Marriage is a relationship built on trust and mutual respect. When one partner starts hiding things from the other, that foundation of trust can quickly erode. Financial infidelity has recently become a mainstream concept, although the issues it includes have affected couples forever for a long time.
If financial infidelity has affected your marriage, you may eventually find yourself headed toward divorce. If you do decide to end the marriage, acknowledging that financial infidelity can be a critical part of your divorce strategy.
What is financial infidelity?
Financial infidelity involves one spouse hiding financial information from the other. It can involve someone taking out a secret line of credit and engaging in frivolous spending that they know their spouse would never approve them if they knew about it.
It could involve hiding assets. One spouse might have an automatic withdrawal taken from their paycheck and put in to a savings account that the other spouse doesn’t even know exists.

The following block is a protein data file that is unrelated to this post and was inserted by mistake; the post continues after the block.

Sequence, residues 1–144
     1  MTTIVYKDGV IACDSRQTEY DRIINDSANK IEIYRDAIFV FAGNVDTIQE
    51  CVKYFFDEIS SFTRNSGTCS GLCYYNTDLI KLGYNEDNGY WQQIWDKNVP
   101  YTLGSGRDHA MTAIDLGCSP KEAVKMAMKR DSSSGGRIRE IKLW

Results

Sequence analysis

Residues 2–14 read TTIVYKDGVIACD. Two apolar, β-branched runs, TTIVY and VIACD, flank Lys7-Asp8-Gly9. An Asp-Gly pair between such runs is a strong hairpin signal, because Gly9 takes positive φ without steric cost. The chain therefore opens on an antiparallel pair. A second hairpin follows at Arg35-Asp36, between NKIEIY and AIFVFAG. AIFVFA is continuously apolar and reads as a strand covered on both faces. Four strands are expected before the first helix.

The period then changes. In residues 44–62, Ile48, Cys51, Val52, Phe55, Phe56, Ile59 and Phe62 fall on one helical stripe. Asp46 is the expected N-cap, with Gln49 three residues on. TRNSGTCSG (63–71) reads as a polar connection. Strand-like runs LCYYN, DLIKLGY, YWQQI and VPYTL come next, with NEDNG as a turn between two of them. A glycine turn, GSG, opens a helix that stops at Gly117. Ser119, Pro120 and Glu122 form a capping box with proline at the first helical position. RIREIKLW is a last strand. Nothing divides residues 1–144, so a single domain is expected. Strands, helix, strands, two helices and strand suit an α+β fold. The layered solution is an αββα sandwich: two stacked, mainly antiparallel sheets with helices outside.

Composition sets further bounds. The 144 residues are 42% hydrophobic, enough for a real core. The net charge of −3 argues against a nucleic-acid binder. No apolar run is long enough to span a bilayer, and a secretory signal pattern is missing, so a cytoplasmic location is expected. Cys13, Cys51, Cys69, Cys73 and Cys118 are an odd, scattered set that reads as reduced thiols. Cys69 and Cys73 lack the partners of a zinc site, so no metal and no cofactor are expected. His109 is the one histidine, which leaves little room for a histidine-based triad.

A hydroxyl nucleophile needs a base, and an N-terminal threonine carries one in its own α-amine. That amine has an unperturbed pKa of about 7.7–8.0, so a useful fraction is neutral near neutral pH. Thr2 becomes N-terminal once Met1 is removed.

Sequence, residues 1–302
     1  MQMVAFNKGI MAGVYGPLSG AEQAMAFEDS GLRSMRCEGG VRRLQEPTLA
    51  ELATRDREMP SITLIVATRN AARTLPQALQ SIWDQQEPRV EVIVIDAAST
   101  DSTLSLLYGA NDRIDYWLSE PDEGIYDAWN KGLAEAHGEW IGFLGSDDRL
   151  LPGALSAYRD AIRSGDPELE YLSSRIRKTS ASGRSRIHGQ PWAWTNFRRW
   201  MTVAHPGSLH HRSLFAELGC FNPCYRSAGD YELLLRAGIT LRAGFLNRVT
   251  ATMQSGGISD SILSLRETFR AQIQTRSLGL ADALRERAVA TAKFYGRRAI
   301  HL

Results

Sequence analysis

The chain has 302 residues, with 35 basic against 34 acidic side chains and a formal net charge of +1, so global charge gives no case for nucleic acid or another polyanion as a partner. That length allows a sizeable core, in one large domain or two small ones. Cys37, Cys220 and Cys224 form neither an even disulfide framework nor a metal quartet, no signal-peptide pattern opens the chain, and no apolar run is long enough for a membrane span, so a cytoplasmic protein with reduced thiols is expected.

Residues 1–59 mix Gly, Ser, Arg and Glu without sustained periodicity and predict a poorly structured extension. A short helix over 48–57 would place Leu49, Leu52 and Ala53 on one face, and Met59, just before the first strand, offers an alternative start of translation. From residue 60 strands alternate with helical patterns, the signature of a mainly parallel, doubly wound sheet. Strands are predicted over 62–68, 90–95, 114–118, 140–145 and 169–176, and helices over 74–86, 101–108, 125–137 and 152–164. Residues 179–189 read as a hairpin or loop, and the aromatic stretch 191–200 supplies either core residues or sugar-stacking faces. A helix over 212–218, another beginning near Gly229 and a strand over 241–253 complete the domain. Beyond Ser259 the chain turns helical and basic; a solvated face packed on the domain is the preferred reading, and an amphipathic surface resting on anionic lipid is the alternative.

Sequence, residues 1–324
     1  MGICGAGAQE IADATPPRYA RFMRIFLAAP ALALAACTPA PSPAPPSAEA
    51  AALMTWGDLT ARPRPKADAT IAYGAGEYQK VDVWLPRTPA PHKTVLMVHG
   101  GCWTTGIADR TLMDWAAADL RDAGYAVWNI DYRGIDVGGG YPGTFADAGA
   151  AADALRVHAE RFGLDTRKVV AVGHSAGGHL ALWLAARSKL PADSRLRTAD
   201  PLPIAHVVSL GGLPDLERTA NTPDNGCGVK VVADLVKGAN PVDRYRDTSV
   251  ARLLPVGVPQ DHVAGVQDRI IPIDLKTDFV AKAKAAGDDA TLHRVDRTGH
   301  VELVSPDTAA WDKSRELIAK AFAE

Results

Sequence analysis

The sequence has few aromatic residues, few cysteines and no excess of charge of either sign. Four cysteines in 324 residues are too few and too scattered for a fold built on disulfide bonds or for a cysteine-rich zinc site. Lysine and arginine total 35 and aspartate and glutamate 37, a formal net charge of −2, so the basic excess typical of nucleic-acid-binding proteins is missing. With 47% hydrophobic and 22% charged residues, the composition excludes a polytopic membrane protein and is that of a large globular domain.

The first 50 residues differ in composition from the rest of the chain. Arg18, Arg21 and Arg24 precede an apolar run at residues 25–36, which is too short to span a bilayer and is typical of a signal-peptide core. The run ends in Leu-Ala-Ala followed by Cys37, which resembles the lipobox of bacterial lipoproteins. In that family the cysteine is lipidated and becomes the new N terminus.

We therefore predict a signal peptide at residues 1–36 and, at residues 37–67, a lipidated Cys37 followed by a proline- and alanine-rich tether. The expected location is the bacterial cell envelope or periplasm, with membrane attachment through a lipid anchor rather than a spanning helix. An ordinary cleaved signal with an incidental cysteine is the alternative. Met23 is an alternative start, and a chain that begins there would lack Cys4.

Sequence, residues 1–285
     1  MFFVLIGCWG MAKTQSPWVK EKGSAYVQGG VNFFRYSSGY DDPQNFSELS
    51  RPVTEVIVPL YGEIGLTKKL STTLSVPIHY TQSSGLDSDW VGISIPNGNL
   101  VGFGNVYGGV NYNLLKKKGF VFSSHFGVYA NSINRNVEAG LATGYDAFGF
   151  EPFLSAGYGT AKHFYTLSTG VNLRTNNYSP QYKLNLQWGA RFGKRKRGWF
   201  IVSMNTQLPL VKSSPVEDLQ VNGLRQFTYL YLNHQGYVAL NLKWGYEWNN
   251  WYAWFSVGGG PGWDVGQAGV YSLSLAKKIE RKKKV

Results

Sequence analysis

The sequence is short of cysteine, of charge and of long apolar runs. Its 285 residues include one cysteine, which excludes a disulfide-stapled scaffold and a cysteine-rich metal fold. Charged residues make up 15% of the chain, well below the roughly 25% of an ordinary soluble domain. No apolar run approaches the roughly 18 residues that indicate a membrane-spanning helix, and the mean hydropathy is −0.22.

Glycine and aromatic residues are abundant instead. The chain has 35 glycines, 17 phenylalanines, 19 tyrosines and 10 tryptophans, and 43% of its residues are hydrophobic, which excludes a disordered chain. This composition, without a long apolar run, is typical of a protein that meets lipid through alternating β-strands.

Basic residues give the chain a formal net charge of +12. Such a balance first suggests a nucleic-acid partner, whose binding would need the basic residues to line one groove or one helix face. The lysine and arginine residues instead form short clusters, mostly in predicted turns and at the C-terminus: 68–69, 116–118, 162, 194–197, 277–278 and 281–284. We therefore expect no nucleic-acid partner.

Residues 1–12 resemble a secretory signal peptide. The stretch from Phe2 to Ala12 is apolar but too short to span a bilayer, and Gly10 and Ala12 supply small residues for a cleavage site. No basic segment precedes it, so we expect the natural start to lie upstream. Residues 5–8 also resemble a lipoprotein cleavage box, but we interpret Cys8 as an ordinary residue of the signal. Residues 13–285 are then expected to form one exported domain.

How does financial infidelity affect a divorce?
Beyond possibly being the reason a couple chooses to divorce, financial infidelity can have several impacts on divorce proceedings.
The first and most obvious is that there could be hidden assets that you will need to try to uncover in order to get a fair share of the marital assets in the property division process. Another is that debts incurred without your knowledge may not be your responsibility if you can prove to the court that your spouse intentionally hid that debt from you.
Looking at your financial records and discussing your situation in depth with your attorney can give you a better idea of how to proceed if you find yourself considering divorce after discovering financial infidelity.